Of course, having commune members die exacts an emotional toll on your team, and emotion is yet another aspect you need to manage to prevent your team from breaking apart.  You may have to take group members out on a zombie killing mission simply to blow off some steam.

As clever as this is, one mechanic that drives me bonkers is the “living world.” Yes, in a game where you need to monitor your team and their statuses, and your resources and their availability, for some reason Undead Labs opted to create a living world that continues while you aren’t playing. This can be a real problem for people that travel, such as a two week business trip, or a family vacation.

I’ve talked a lot about the mechanics of the game, which is truly its best feature. The actual controls of the game are also solid, if unremarkable. Driving is as simple as can be, running, shooting (primary and secondary weapons) work as expected. I haven’t run into anything that left me hugely impressed, but I haven’t encountered anything that angered me either.

Graphically, State of Decay is solid as well, with some reservations.  For a game that released on 360 very late into the console cycle and is releasing on PC just a few weeks before the new consoles are out, it’s got some obvious flaws. It’s an upgrade from the 360 version, but as with any open world game you’re going to run into some glitches – clipping is pretty common, for example. Even on my gaming PC with everything cranked to Ultra I saw a considerable amount of aliasing and polygon edges.

I should also note I originally started playing with keyboard and mouse, but switched to my 360 controller attached to my PC. I did ask around to get other people’s assessments of using keyboard and mouse and others really liked it. I’m willing to admit I’m merely more comfortable with a controller, but I can confirm it supports both input mechanisms, and I really enjoyed using the controller.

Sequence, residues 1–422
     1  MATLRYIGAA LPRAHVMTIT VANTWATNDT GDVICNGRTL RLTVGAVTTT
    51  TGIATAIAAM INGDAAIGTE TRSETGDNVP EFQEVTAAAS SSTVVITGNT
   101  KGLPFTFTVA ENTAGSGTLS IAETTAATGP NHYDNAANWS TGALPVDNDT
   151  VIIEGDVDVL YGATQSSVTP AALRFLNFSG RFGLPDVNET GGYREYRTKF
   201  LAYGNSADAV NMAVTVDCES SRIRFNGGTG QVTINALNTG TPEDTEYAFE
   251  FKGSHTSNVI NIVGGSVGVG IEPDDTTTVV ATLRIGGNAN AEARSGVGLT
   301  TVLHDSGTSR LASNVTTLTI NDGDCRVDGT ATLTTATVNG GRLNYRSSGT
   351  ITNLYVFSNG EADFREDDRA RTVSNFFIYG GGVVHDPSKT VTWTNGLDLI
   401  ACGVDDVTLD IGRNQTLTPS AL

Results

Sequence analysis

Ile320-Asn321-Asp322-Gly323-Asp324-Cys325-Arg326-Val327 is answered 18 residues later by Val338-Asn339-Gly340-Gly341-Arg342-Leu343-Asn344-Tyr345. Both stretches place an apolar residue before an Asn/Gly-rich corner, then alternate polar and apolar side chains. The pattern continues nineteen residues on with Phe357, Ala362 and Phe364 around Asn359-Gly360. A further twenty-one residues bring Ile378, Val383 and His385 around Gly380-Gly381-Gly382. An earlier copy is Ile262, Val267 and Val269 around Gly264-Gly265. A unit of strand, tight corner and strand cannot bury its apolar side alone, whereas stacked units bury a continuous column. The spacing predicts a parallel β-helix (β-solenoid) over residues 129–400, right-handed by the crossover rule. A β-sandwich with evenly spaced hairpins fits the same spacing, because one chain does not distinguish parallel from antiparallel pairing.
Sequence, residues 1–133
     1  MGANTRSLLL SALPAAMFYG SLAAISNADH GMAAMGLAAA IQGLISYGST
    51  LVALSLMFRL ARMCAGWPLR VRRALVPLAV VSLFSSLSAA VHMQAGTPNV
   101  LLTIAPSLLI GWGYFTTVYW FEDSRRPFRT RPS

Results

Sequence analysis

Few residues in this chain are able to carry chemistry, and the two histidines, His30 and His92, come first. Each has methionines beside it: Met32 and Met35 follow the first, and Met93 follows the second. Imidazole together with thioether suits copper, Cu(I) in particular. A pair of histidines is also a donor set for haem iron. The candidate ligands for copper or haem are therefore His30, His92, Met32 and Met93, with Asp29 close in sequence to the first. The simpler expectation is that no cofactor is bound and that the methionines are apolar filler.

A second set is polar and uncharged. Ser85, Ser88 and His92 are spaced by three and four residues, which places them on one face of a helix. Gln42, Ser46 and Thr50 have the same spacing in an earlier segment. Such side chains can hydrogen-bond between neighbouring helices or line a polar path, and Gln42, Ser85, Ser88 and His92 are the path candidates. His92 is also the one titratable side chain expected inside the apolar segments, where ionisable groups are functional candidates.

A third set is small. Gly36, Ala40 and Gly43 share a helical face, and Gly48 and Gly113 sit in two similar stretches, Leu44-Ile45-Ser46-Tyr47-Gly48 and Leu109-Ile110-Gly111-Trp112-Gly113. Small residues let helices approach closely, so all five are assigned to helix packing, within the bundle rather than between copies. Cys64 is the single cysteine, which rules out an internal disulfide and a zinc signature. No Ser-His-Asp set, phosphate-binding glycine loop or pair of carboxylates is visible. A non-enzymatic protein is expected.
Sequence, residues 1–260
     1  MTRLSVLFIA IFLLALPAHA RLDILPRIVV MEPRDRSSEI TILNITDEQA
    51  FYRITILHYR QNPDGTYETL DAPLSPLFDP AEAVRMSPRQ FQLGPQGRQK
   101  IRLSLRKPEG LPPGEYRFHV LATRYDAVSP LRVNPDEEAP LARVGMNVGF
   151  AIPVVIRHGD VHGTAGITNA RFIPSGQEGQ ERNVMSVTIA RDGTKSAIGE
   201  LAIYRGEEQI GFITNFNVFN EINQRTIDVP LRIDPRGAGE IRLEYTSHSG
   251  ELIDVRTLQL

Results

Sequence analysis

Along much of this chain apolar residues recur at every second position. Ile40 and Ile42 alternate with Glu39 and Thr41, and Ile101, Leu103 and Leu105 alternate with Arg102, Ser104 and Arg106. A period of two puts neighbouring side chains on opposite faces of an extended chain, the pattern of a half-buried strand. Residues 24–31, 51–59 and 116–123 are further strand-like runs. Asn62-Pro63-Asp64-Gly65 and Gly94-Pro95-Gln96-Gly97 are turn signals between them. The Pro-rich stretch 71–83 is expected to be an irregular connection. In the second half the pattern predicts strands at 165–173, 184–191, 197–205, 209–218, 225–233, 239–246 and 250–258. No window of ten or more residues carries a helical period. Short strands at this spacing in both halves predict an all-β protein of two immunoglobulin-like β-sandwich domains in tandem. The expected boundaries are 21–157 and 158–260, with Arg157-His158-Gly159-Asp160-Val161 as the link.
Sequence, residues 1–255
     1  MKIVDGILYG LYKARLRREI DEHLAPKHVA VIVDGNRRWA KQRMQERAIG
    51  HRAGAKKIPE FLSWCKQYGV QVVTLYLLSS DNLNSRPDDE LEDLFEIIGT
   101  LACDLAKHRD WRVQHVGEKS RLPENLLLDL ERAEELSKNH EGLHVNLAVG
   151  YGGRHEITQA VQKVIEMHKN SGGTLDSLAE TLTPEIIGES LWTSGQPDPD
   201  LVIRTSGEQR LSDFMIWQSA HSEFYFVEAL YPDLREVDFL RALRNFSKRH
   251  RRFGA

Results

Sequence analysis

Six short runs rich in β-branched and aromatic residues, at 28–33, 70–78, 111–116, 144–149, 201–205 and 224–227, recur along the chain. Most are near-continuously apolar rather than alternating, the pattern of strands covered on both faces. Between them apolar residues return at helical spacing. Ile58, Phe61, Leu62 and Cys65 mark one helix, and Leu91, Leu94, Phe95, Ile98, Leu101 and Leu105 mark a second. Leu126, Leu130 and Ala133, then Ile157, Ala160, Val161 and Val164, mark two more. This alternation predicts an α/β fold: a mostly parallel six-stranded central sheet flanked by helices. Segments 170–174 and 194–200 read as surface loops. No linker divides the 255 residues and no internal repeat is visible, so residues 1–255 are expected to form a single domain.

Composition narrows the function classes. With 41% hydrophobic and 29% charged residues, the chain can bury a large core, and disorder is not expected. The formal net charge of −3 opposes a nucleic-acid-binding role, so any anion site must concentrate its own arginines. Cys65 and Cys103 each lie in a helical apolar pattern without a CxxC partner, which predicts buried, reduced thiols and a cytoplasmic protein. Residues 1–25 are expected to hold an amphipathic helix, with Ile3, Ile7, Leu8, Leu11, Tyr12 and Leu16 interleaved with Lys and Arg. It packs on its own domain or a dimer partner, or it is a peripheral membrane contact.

Honestly, though, these kinds of things are really just a side note to a very compelling game.  Undead Labs did an amazing job building State of Decay into an incredibly complex, multi-layered game that impressed me at almost every turn.  Even “meta” aspects like the fact that the game didn’t spell out all of its mechanics (It’s a survival game! Figure it out!) helped with the immersive feelings of desperation and frustration at lost opportunity. I did learn a painful lesson playing last night – even situations that seem central to the story may not turn out as you expect if you don’t act on them in a timely manner.

State of Decay has fantastic replay value as everything you do changes the game in unpredictable ways. While there are some obnoxious features the game is simply a joy to play, and everything I do is fun.  Losing my sanity and my hair trying to take down screamers and feral zombies is both nerve wracking and exhilarating. Unless the always-progressing world is a non-starter, you should heavily consider picking up one of the best zombie survival games of this generation.

A review code for State of Decay was provided to The Married Gamers for the purpose of evaluation and review.


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Author: Andrew Smith View all posts by